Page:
If you do not specify any format, the default of d,f,s is chosen, or, show the 'date', 'from' and 'subject' fields, separated by commas.

Non-printable characters are displayed as '.'.

--sortfields, -S <sortfields>

and

--sortdir, -D a[scending]|d[escending]

set the way the found messages are sorted. The sortfields parameter sets the fields to sort by, one letter per field (s=subject, d=date and so on, see the section on search expressions to get the full list).

sortdir determines whether we sort ascending or descending.

Example (note: search expressions like 's:hello' are discussed in the next section):

 $ mu-find --sortfields=fz --sortdir=a s:hello

would sort messages ascending, with a subject containing 'hello' by sender, then by size.

The default is to sort descending by date. However,if any sortfield is explicitly specified, the default sort order is ascending.

 

SEARCH EXPRESSIONS

Search expressions are short descriptions that describe the messages to find. Search expresssions consist of a character that specifies some property, followed by a ':' and some value to match. The following fields are recognized:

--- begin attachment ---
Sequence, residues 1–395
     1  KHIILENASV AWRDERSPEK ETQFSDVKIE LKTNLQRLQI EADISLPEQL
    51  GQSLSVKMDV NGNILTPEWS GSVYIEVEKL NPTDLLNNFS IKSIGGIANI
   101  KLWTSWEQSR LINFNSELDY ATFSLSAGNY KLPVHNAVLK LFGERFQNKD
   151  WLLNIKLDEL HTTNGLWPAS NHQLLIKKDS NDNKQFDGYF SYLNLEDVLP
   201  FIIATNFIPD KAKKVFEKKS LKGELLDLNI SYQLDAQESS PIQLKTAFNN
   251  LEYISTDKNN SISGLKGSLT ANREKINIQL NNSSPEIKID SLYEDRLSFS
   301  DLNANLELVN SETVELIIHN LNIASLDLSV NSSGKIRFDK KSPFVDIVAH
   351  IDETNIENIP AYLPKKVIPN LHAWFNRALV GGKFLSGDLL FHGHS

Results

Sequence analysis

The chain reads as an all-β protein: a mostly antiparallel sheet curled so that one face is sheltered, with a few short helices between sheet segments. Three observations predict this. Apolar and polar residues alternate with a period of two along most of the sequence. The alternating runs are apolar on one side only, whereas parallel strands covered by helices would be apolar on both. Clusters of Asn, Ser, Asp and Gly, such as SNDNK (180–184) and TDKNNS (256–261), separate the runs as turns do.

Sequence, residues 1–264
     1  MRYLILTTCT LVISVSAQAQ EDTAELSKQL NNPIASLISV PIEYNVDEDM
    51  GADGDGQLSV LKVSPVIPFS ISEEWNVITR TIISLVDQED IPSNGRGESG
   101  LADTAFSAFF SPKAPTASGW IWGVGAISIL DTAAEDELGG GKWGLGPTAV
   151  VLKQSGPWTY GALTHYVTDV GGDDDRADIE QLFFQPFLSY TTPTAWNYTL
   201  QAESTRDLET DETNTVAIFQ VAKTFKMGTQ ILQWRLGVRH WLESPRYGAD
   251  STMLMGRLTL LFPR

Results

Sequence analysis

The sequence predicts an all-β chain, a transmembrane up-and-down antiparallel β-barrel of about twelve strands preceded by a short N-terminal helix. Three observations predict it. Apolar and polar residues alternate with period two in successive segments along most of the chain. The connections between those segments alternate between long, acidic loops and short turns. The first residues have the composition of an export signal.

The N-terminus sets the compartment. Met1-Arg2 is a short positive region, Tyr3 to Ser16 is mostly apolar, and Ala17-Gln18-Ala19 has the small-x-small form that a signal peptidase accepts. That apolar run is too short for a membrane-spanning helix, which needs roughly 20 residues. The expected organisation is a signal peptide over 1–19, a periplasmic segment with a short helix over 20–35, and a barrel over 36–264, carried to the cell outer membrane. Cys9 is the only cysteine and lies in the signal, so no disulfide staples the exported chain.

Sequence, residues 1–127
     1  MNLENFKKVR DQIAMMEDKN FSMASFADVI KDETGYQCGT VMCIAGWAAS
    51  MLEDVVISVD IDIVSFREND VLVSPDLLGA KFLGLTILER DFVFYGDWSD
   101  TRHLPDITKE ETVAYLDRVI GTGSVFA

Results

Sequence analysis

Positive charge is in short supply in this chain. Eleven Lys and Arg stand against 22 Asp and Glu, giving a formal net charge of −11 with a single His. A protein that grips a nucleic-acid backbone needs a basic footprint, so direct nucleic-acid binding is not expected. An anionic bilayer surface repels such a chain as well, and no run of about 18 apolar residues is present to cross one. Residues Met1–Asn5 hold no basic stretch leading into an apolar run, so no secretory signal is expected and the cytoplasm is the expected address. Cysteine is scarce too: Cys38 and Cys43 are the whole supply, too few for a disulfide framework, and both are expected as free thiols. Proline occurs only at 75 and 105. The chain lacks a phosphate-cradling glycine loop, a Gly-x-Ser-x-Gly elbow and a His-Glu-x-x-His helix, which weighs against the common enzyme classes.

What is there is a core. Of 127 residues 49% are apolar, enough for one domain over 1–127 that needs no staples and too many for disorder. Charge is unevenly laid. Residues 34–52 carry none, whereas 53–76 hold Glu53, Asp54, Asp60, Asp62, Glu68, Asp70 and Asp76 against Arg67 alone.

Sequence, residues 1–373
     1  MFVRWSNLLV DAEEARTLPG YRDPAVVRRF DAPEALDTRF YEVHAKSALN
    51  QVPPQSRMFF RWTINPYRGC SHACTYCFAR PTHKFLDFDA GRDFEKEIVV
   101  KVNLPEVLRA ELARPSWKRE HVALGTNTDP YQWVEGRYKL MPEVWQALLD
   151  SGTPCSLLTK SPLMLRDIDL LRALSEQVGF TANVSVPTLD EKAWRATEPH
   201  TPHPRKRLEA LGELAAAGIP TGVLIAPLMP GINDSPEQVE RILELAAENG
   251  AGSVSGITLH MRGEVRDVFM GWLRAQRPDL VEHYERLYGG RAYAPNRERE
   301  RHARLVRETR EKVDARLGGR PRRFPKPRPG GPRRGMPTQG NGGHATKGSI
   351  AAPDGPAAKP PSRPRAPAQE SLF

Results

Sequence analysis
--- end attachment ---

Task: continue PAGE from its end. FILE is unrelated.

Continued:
s: subject
f: from (sender)
t: to (recipient)
c: cc: (carbon-copy recipient)
m: message id
p: message priority
P: path to the message
d: date
z: size
F: flags

And two special types:
x: xapian search
B: bookmarks

Option x: for 'xapian search' searches the contents of messages, while the other options search for a certain property ('metadata') of the message. Xapian searching is discussed after the other options.

Option B: refers to bookmarks. You can define 'bookmarks' (shortcuts) for search expression. Bookmarks are discussed later in this document.

 

Words

Now, let's discuss search expressions where a certain message property contains a word. We have following word or textual types:

s: subject
f: from (sender)
t: to (recipient)
c: Cc: (carbon-copy recipient)
m: message id
p: message priority
P: path to the message

 

For example, the search expression: s:rain matches all messages which have 'rain' in their subject (s:) (including training, brain, terrain etc.)